Diagram of Steroid Synthesis

Cholesterol is the source of all steroidal hormones. Viewing this diagram, you can appreciate that both Pregnenolone and DHEA are very basic in the production of steroid hormones.

Conventional medical thought has considered Pregnenolone and DHEA to be intermediaries in the production of the sex hormones, Testosterone, Estradiol, as well as Cortisol [1]. And they are!

But more than that, Pregnenolone and DHEA have their own specific functions [2]. They are produced in the adrenal glands, but also in the ovaries and testicles. Interestingly, they are produced in the brain, as well [3,4].

In this article, I will concentrate on DHEA.

DHEA is found not only in humans, where it is by far the most common steroidal hormone [3], but is fabricated in lesser quantities in all vertebrate animals. Further, it is produced in snails, which are invertebrates [5]. It turns out that the attendant mechanisms to produce and translate steroids have been found in other invertebrates, such as starfish and sea urchins, as well as the most primitive of vertebrates [6].

Scientists have theorized that DHEA is actually basic to the formation of the most advanced living cells, those that possess a combination of a nucleus and mitochondria. The latter are the cellular energy producers. These cells are referred to as “eukaryotes.” All animals are eukaryotes [7].

If that is the case, then DHEA has been around for a long time, “a phylogenetically ancient neurotrophic factor.” [8]

It turns out that DHEA and Pregnenolone are concentrated in the brain. So, levels in the brain are higher than their levels in the serum of the blood [4]. For this reason, they are referred to as “neurosteroids” and “neurohormones” [4,9].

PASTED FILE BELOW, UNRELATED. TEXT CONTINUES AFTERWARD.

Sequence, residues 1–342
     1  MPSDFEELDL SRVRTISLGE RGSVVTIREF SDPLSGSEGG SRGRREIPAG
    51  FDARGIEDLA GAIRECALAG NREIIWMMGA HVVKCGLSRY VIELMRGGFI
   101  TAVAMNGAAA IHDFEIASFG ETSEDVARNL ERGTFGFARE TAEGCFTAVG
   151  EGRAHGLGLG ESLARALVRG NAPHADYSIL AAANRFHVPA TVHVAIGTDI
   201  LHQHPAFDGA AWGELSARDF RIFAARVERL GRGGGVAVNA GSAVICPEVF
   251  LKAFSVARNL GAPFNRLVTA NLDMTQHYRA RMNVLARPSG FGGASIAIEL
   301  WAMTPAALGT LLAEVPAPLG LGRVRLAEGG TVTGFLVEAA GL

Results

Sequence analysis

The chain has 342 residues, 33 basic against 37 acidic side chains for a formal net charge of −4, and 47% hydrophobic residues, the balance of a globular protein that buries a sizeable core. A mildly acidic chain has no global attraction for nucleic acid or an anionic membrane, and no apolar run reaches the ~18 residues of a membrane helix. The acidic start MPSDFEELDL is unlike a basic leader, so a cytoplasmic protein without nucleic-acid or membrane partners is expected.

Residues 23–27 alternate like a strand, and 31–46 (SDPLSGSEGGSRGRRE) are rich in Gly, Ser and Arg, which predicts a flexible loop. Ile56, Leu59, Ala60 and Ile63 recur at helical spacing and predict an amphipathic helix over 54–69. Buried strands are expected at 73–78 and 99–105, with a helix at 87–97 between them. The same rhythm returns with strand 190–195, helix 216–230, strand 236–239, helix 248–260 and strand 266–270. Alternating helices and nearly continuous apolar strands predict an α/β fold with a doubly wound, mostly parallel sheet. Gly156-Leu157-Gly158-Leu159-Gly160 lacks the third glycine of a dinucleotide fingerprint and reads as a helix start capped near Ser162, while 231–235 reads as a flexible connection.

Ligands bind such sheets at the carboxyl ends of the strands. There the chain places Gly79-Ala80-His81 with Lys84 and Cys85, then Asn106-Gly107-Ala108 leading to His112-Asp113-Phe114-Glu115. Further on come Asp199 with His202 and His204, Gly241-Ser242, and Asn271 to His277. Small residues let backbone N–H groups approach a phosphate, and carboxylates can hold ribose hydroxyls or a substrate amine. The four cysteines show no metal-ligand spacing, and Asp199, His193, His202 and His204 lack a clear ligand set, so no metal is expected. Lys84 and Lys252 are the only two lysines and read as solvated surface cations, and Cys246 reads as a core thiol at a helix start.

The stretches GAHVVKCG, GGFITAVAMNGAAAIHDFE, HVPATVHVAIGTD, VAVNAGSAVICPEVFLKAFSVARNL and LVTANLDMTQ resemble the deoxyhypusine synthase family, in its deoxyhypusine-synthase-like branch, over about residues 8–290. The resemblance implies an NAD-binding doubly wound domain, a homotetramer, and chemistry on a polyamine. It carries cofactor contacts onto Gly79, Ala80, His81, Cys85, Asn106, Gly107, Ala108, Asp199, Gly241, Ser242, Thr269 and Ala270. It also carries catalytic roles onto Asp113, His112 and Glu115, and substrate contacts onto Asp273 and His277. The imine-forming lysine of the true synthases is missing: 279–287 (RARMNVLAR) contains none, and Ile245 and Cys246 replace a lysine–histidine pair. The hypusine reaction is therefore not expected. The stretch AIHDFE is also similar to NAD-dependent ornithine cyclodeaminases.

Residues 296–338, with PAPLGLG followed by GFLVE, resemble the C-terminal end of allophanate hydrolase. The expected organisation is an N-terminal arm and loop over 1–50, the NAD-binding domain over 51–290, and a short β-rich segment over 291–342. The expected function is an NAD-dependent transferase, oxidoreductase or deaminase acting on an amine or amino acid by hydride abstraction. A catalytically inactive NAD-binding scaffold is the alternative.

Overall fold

It has been well known for some time that DHEA has a general effect to stimulate production and maintenance of brain cells, including brain protection [1,10,8,11]. Recently, specific receptor sites, molecules that receive the DHEA molecules and relay stimulation of beneficial activity, have been identified in the human brain [1].

Further, because of its activity in brain cells and its predominant amounts in humans [3,5], DHEA has been postulated as the cause for increased brain size in human beings [12].

However, a major characteristic of DHEA, as is true with the majority of other hormones, is decrease of production with age [14]. This decrease is accompanied by age-related loss of function, including brain function.

DHEA supplementation has an effect to prevent decline and to restore function [14]. “DHEA-Sulfate concentration is independently and inversely related to death from any cause and death from cardiovascular disease in men over age 50.” [15]